Work Engagement and Workaholism: Comparing the Self-Employed and Salaried Employees
Abstract: This study among a Dutch convenience sample of self-employed individuals (n = 262) and salaried employees (n = 1900) tested to what extent workaholism and work engagement relate to self-reported work performance. After controlling for measurement inequivalence, results of structural equation modelling showed that the self-employed score higher on engagement and working excessively then employees, but not on working compulsively. In addition, work engagement related positively to task performance and innovativeness for both groups. However, engagement only related to contextual performance (performance beyond role requirements) for employees. Workaholism had positive and negative relationships with self-reported performance. Working excessively related positively to innovativeness for both groups, and to contextual performance for the self-employed. Working compulsively suppressed this positive relationship between excessive working and innovativeness in both groups, and between excessive working and contextual performance for the self-employed. In contrast to our expectations, working compulsively related positively to contextual performance for employees.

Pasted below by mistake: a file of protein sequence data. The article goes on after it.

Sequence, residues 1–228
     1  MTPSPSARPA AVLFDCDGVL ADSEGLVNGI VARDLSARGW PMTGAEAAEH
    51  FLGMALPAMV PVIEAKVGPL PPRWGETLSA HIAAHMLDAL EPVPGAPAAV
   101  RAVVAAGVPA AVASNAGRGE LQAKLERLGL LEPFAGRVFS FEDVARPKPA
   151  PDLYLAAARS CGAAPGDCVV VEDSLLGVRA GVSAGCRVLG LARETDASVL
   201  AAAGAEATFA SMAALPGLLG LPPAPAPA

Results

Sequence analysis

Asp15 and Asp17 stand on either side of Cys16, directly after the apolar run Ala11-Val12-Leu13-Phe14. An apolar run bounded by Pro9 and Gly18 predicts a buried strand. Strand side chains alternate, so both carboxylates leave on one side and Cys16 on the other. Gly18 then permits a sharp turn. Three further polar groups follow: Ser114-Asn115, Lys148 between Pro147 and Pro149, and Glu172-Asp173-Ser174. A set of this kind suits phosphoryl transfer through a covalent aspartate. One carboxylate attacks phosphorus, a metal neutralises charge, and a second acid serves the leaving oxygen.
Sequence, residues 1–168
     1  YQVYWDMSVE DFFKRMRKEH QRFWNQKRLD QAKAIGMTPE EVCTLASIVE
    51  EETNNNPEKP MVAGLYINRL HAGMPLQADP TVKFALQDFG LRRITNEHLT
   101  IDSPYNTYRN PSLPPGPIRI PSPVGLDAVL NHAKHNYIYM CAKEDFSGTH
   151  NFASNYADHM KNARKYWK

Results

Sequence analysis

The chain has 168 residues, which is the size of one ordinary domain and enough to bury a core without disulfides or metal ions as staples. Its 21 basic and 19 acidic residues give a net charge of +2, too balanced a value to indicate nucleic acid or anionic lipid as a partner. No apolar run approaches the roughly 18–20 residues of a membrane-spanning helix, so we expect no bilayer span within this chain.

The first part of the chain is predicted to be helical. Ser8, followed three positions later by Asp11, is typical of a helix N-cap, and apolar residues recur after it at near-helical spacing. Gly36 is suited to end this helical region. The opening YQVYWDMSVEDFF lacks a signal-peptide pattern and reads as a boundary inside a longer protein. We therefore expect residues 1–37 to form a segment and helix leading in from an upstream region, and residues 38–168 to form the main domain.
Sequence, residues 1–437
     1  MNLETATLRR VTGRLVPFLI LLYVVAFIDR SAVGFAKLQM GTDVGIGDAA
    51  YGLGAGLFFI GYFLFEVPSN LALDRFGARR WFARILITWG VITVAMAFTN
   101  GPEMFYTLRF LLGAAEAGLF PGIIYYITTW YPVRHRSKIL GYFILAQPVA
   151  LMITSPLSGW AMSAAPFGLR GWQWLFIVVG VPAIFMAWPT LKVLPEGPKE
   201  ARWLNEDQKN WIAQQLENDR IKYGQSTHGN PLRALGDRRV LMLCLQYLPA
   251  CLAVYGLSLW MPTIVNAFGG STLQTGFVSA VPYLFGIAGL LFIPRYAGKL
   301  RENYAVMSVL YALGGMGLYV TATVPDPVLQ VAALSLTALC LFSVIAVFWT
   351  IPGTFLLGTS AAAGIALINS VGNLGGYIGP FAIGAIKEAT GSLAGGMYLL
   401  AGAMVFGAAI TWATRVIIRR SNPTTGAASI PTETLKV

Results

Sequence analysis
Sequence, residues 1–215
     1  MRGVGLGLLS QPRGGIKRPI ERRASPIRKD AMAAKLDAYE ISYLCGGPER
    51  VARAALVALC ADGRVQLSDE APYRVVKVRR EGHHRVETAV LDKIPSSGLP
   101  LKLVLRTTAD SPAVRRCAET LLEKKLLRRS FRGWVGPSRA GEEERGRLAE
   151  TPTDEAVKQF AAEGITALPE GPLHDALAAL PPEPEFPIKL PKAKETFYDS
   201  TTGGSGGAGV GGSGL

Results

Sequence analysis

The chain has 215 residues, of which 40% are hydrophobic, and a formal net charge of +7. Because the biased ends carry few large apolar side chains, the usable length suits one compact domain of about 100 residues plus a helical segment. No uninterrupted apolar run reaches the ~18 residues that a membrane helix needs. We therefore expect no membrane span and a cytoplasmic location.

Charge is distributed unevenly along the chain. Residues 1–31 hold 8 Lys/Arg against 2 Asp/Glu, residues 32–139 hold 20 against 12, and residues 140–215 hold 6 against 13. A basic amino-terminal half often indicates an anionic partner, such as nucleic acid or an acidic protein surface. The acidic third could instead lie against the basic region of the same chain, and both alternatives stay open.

|Keywords||Job Performance, Measurement Equivalence, Self-employed, Work Engagement, Workaholism|
|Journal||The Journal of Positive Psychology|
Gorgievski-Duijvesteijn, M.J, Bakker, A.B, & Schaufeli, W.B. (2010). Work Engagement and Workaholism: Comparing the Self-Employed and Salaried Employees. The Journal of Positive Psychology, 1–42. Retrieved from http://hdl.handle.net/1765/22695